|Keeping cool with Michael Phelps|
|Around the Academy:
How's this for pressure?
You're 19 years old, America's number one swimmer and competing in eight events at the Olympics.
And your fans - and the media - expect you to win them all!
Welcome to the world of Michael Phelps - winner of six world and six Olympic titles, holder of three world records, and one of the best all-round swimmers on the planet.
In 2000, aged 15, he became America's youngest Olympian for almost 70 years, reaching the final of the 200m butterfly.
Four years on, he was expected to clean up, and came away with an incredible haul of six gold and two bronze medals.
For most people that would be considered an amazing achievement, but when it comes to Phelps expectations are always incredibly high.
Not that the man himself is affected - the 6'4" teenager is taking everything in his stride.
"You can look at pressure in two different ways," says Phelps. "It's either going to hurt you or help you.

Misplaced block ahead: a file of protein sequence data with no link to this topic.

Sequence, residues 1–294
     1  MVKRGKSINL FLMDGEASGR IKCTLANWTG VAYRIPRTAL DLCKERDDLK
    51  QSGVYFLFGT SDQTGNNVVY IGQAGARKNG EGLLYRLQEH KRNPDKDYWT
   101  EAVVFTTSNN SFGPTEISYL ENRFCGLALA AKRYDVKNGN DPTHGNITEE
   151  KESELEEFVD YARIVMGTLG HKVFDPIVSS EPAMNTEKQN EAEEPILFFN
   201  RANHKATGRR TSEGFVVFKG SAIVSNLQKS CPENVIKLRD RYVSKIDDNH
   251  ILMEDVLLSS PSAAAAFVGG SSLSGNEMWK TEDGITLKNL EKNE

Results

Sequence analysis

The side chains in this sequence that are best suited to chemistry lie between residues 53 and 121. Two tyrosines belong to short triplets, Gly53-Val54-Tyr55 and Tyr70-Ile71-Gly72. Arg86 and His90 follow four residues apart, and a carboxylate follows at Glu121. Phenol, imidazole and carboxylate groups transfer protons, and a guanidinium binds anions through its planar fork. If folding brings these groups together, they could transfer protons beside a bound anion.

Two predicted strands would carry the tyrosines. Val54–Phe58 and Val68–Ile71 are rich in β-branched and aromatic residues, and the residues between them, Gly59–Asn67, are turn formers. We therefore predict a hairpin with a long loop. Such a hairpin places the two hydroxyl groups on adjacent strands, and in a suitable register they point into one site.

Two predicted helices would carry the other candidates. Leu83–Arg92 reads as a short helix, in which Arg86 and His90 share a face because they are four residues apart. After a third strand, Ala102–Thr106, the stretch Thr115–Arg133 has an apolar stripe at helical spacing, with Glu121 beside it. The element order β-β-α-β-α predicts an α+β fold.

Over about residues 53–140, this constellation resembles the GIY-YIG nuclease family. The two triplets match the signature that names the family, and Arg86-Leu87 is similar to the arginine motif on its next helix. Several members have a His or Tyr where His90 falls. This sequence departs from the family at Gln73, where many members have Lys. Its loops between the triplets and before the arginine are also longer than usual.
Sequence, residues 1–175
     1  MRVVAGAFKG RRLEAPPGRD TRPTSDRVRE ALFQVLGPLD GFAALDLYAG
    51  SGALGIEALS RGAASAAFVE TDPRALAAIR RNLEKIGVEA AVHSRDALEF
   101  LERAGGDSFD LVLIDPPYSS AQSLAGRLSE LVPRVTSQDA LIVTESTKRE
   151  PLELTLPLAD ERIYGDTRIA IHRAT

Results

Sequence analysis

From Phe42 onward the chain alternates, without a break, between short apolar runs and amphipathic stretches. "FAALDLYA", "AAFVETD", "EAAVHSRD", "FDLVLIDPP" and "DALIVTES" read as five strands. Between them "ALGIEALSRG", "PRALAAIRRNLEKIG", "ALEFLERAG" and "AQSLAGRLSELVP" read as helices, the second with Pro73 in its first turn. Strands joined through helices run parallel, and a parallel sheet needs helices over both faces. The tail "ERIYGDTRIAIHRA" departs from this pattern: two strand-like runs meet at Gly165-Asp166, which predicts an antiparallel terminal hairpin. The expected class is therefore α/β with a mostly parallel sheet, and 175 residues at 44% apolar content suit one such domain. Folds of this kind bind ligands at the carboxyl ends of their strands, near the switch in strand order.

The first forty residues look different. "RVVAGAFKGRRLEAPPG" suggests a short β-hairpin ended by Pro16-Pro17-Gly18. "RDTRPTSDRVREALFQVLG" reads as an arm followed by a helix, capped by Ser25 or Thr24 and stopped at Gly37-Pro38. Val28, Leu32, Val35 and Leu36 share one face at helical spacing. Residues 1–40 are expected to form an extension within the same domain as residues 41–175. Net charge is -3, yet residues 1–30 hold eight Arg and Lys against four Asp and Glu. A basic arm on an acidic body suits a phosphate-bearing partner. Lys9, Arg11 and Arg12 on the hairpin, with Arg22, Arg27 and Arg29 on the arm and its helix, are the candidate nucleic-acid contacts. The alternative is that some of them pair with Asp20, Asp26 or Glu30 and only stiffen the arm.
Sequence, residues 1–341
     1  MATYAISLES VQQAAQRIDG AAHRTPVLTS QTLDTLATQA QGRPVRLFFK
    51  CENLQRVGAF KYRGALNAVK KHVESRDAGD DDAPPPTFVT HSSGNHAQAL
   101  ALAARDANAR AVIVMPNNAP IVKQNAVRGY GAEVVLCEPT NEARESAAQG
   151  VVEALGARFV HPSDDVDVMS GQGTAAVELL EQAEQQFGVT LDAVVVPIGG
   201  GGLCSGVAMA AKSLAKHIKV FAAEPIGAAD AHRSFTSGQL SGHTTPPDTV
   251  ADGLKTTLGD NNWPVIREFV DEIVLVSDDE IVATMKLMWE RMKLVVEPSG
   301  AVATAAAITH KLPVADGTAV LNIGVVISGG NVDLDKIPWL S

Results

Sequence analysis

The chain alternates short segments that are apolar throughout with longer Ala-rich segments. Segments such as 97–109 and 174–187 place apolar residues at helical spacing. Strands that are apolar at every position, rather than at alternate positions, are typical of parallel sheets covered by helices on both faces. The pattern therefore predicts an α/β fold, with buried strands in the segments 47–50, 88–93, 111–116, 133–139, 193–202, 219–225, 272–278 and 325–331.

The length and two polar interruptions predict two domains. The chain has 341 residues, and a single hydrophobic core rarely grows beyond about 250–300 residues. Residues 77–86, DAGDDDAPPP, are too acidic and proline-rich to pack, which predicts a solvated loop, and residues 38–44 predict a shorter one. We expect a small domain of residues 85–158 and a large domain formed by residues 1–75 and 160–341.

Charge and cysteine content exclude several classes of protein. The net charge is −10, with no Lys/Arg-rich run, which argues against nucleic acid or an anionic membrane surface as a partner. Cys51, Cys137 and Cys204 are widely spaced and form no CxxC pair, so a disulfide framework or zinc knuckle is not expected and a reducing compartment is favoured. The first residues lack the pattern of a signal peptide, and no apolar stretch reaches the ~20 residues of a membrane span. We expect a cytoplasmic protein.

"I see it as something that helps me. If there's pressure on me or someone thinks I can't do something, it's going to make me work even harder.
"I guess it'll give me that little extra edge - that extra fire that I need."
The Spitz factor
Ask any American swimming fan to name their country's greatest ever swimmer and you'll probably get the same answer every time: Mark Spitz.
In 1972 Spitz won a record seven gold medals at the Munich Olympics. Before the games, Phelps had to contend with one question - could he equal that record?
"My goal is to get one gold medal," he says.
"You've got to start somewhere and after coming back from Sydney with nothing I think that's the place to start."
For now, Spitz's record remains in tact. But with more gold medals to fight for and a long career ahead, expect Phelps to break records for many years to come.